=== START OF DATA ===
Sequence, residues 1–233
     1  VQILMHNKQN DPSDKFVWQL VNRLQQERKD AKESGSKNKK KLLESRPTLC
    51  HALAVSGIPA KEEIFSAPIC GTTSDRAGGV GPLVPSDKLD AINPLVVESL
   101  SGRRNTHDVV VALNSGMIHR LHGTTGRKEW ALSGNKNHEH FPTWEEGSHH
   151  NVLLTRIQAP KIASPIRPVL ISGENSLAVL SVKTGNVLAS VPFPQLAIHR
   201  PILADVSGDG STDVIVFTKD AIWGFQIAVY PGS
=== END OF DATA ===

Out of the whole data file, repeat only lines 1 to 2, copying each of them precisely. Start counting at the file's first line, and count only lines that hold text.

Sequence, residues 1–233
     1  VQILMHNKQN DPSDKFVWQL VNRLQQERKD AKESGSKNKK KLLESRPTLC